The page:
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Chondromalacia Patella

Your patella is your kneecap. When you injure your knee or suffer from a medical condition like knee arthritis, your kneecap may be at the center of the problem. Chondromalacia patellae affects both knees simultaneously, but chondromalacia patella, pain in one knee, is more common. Get long-term pain relief from pain management doctors like those at New York Pain Care in Manhattan and northern New Jersey counties including Union, Bergen and Morris. Treatment for your knee pain is available; call the experts at New York Pain Care today.

What Is Chondromalacia Patella?

Chondromalacia patella is a knee problem in which the cartilage in the kneecap breaks down. This causes a dull, aching knee pain, tenderness and a sensation of grating or grinding every time you flex your knee. The pain often increases when you sit for a long time or try to climb stairs. Young adults and teenagers who play sports are most likely to develop chondromalacia patella, although women are more at risk than men.

Patellofemoral pain syndrome and iliotibial band syndrome are two other irregular conditions that affect the kneecap. They exhibit similar symptoms as chondromalacia patella. You need an accurate diagnosis to deliver targeted chondromalacia patella treatment.

The pain management doctors from New York Pain Care perform a thorough examination of your knee before they prescribe any treatment for chondromalacia patella. Dr. Amr Hosny is one of the knee pain specialists you can consult with. Visit one of the three locations in the Financial District, Greenwich Village and Midtown Manhattan in NYC, or go to one of the five offices in Bergen County, Morris County and Union County, NJ.

How Do I Get Chondromalacia Patellae?

The patella is your kneecap bone. It has a smooth layer of cartilage that covers the back, where the kneecap rubs against your thigh bone. When the cartilage softens and breaks down, it makes your patella rub the wrong way against the thigh bone when you move. This friction between the bones is what causes your knee pain, as the cartilage itself has no pain nerves.

You can suffer from chondromalacia patella in many ways, from a knee injury to arthritis. Some of the more common ways to get the condition include:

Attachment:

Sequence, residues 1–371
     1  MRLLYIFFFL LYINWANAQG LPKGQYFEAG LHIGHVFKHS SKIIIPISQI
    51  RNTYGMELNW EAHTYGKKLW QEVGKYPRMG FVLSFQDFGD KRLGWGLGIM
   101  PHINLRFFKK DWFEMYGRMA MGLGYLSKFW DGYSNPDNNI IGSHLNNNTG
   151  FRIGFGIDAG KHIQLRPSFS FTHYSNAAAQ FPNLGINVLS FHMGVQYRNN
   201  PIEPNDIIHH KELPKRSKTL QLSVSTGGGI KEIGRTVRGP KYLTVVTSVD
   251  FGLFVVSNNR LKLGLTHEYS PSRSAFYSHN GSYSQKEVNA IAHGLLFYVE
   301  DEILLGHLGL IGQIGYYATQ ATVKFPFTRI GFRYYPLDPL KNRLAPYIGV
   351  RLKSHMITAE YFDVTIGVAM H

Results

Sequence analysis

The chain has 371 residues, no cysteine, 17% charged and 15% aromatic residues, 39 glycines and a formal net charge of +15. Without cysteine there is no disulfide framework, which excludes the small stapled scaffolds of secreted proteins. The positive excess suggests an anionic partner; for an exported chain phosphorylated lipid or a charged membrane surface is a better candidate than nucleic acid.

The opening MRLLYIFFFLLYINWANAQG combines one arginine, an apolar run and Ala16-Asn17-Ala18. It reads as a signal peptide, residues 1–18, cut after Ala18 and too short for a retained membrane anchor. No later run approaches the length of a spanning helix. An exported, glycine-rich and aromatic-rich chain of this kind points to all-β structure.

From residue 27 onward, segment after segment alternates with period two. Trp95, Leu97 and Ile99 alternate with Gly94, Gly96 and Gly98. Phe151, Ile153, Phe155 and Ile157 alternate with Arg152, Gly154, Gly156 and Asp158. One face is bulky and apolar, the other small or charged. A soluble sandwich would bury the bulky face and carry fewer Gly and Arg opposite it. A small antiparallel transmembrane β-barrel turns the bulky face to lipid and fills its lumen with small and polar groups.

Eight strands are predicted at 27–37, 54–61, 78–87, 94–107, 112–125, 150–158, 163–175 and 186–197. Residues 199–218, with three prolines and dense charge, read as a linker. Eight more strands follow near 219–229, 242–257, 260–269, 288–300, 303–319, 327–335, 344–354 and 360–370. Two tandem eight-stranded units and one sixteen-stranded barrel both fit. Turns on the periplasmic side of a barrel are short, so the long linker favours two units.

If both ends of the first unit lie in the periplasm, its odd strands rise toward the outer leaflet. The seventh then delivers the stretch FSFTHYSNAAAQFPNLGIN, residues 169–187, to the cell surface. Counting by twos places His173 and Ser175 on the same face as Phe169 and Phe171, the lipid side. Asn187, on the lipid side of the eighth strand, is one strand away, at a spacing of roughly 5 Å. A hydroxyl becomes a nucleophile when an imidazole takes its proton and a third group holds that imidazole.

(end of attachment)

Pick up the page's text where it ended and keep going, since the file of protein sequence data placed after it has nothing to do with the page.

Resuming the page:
• Overuse and repetitive stress that happens in certain sports, such as running, soccer, skiing, jogging and cycling
  • A sports injury where you fell hard on your knees, causing a break or dislocation
  • Muscular imbalance
  • Weak muscles, especially in your the hamstrings, quadriceps and the hips
  • Knee arthritis, that can develop if you don’t get treatment for chondromalacia patella early enough
  • Rheumatoid arthritis, which is an autoimmune disorder can cause problems with your knees
  • In older people, the wear and tear due to the aging process, which causes cartilage problems in your knees
  • A misalignment of the patella
  • A bacterial contamination of the synovial fluid, which can lead to infection in the knee joint, as the synovial fluid works like a lubricant, allowing the knee joint to move fluidly
  • Repeated episodes of internal bleeding in the knee joint
  • Job-related risks, where you spend a lot of time kneeling, such as from laying down carpets or tiles
  • Both misalignment of the kneecap and overuse from playing sports, putting you at an increased risk
  • A sudden change in your exercise routine, such as increasing the duration or distance, which can also factor into the health of your knee

What’s the Best Chondromalacia Patella Treatment?

When you have knee pain, and you’re not sure what’s causing it, you need to avoid all activities that puts stress on these joints. Dr. Hosny and your knee specialists at New York Pain Care suggest bed rest and not doing activities that involve much knee movement. You may also need to take over-the-counter painkillers like ibuprofen to reduce the pain temporarily.

If rest and inactivity don’t help after a few days, seek medical attention from top pain management doctors. After an accurate diagnosis — which may involve a complete exam a medical history and imagining tests, such as an x-ray or MRI — they may recommend additional treatment for chondromalacia patella that includes:

  • Wearing a brace that limits your knee movement
  • Using compression tape to deal with the pain and support the joint
  • Massaging the knee area
  • Going for acupuncture
  • Trying some physical therapy to learn exercises that strengthen your quadriceps and hamstrings, which helps restore your speed, power and agility
  • Exercising your hip muscles, as they can prevent related hip injuries, such as hip tendonitis or trochanteric bursitis, along with safeguarding your knees
  • Getting trigger point injections to relieve the pain
  • Trying an epidural steroid injection for severe cases
  • Making sure your activities are low-impact, like swimming, when you do get back to being active
  • Starting slowly and gradually increasing the speed, duration and distance when changing your exercise plan

In severe pain cases, your knee specialist my suggest surgery, as a last resort. In a minimally invasive procedure, your doctor smooths or shaves the cartilage behind your kneecap. You may also need a complete knee replacement surgery if your kneecap is severely damaged, but most kneecap pain from chondromalacia patella can be dealt with without surgery. Contact the nearest office of New York Pain Care for relief from chondromalacia patellae.

This page was published on Sep 6, 2021, modified on Sep 7, 2021 by Dr. Hosny (Interventional Spine Specialist) of New York Pain Care
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